It was in June of 1850 when the sound of thunder came from just outside of the valley approaching quickly and growing louder as it drew closer, only this was no thunder. Over the crest of the valley formed a long, snaking shadow, writhing lines making up hundreds of men on horses steadied and looked over the valley from atop her ample hills to see her shining, golden waterways. They had found veins of gold on the way, as if left as a trail of breadcrumbs to the settlement. They knew now this would be a coveted acreage and carry an inestimable value for the country.  The settlement was quiet as they looked out upon , no life in sight in the hot, mid afternoon sun. Only one figure stood in the center of town, a striking visage of a woman, her face streaked with painted white battle lines, with flowing dark wavy hair, brilliant amber eyes, and skin like shining bronze. She stood rooted in the center of the settlement atop a white horse, its flowing platinum mane whipping in the dry wind and the sigil of her mission shining in gold on her chest which heaved with untamable anger. She knew they had come to pillage, rape, kill and take, to turn this into another gold miners town ultimately and she would not allow it to be an easy conquering for them.  The silent standoff between Ramona atop that white stallion and the militiamen didn’t last long as Ramona was confronted by the head officer of the troupe, the man attempting to take Ramona from her rooted stance as he threatened her with the the muzzle of a gun pointed directly at her. Suddenly a battle call, the rising tones from hundreds of voices as the people streamed from nearby caves and attacked the militiamen. A vicious battle ensued and as hours passed the ground became stained with the mutual blood of both sides. Eventually, though the battle was hard fought, the militia men far outnumbered Ramona’s side. Ramona cursed those who had stolen the land and lives as she died in the blaze of battle, promising that the land would not forget the ills done unto its people and vengeance would be had.

 

 

             Word spread quickly of the land’s gold bespeckled reputation and soon it’s population boomed with people coming from all over the country and indeed all over the world to her valleyed shores. Known at that time as Cliff’s Pass, the valley’s population flourished and soon the land was transformed into a gold rush town. Migrant workers from China came to the town, paid to help build the infrastructure and constructed sturdy stone buildings, roads and sidewalks which today still stand the test of time. All the materials to build the booming city coming from the very land itself. While the city was being built it continued to flourish with people coming from all over the world to look for gold and hope to secure their peace of prosperity for generations to come. Many years passed, deep tunnels soon wound their way around the valley as it was pillaged for all its minerals. Overzealous miners one day went too far as they attempted to bore deeper than ever and hit a spring. The spring quickly became a torrent and flooded the tunnels, every mine entrance suddenly belching black waters and before people had time to prepare the valley filled to the brim with a dark stew of destruction. People watched from boats helplessly as their homes were lost, their fortunes consigned to what they could only carry and the sturdy stone buildings peaked from the swirling waters like tombstones. The valley was drowned, an American Atlantis.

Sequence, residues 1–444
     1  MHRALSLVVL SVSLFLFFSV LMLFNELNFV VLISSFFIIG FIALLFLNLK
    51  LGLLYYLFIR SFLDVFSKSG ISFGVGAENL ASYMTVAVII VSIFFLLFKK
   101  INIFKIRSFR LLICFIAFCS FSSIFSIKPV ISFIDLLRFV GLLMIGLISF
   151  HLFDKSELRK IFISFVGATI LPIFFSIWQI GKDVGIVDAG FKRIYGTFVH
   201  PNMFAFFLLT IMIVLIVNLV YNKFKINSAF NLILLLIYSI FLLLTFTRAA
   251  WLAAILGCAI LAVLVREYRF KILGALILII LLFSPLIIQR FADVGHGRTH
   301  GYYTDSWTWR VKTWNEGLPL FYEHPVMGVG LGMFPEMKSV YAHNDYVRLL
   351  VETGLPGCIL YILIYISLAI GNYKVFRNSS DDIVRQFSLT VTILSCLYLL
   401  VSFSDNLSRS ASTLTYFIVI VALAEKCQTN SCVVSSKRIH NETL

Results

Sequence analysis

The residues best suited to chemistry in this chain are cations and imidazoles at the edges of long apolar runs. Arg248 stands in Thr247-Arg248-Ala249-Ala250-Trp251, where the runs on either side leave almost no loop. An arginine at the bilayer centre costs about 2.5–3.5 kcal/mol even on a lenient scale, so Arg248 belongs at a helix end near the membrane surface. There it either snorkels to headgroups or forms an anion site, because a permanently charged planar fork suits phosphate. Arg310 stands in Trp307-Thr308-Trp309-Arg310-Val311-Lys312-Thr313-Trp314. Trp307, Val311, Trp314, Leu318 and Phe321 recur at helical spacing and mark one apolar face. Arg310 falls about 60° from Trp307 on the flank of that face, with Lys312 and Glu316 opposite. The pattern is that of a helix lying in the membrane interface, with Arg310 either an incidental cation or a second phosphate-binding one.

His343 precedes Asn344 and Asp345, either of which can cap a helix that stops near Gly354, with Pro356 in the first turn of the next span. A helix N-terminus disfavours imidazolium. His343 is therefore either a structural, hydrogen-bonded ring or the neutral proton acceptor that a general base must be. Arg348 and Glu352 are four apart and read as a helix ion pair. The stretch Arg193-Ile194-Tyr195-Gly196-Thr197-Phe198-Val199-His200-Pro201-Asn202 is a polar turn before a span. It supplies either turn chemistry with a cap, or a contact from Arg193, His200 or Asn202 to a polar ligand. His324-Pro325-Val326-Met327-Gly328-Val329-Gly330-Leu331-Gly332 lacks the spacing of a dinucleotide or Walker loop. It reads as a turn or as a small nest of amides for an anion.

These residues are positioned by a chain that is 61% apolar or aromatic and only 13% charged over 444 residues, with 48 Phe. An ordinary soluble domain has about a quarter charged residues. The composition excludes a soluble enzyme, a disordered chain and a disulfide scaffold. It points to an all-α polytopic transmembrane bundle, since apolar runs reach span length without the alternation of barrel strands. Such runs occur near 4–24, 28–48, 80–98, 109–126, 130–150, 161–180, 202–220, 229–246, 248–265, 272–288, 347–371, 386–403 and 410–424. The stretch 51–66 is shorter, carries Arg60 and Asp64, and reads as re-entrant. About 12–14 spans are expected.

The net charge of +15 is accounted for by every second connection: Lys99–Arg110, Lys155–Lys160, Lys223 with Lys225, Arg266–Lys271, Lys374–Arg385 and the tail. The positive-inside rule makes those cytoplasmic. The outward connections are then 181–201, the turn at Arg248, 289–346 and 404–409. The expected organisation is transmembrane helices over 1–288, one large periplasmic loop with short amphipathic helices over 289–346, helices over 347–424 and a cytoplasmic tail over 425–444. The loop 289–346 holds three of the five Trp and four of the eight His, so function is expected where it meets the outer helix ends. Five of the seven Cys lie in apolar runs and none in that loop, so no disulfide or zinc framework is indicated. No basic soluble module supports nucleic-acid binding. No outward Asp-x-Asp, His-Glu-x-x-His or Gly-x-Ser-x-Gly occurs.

The year was 1970, discovery of the valley had happened years prior and the waters challenges seemed impenetrable until now and had just been resigned as a lake. A young entrepreneur and recently graduated ecologist, Barry John, hatched a plan to create a dam and introduce dunes and a man made beach for outflow along the sides of the valley, hence allowing the waters to go to the ocean. The plan worked and the valley was quickly drained. Restoration efforts proceeded and the town was deemed a historical landmark when artifacts were found. The young ecologist welcomed historians to piece together the true past of the land as he had found transcriptions scrawled deeply into the walls of a particularly interesting cave. It was in those caves that in the walls the historians found a remarkably preserved and fascinating gold capsule which contained the history of the people of the land. The young ecologist sent this information to the Vatican of this young, stubborn missionary who fought for, sacrificed, and died for those she missioned for. Ramona was canonized into Saint Ramona. The town was rechristened Santa Ramona Valley. The Valley once again began to take on a life of it’s own and grew by leaps and bounds. Sparkling shores and the low cost of living drew and still draws people to the Valley in droves, the housing and tourism market soared. Not everything appeared as grand as one might believe though. Crime started to become a real problem and erratic, violent behavior of some of those who lived in the south end of the valley as if struck by a disease of rage satisfied by only the stain of blood on their fists and blood on the tongue.  On top of the ramping crime, citizens started reporting mysterious break ins where nothing was taken but all the windows smashed and all the doors opened on entire blocks swinging in the wind. Strange sightings of shadow figures, objects moving on their own, apparitions, reports of sleep paralysis and figures standing at the foot of people's beds seemed to only intrigue the tourist industry, the Valley purported as a modern day, living ghost town. Today it’s just all an urban legend as the activity seemed to slow once a church was erected in the town and blessed as the Santa Ramona Church though reports still trickle in. Will you come to Santa Ramona Valley to start a new life? Or will you be haunted by the ghosts of your past? The choice will always be yours. Welcome to Santa Ramona Valley.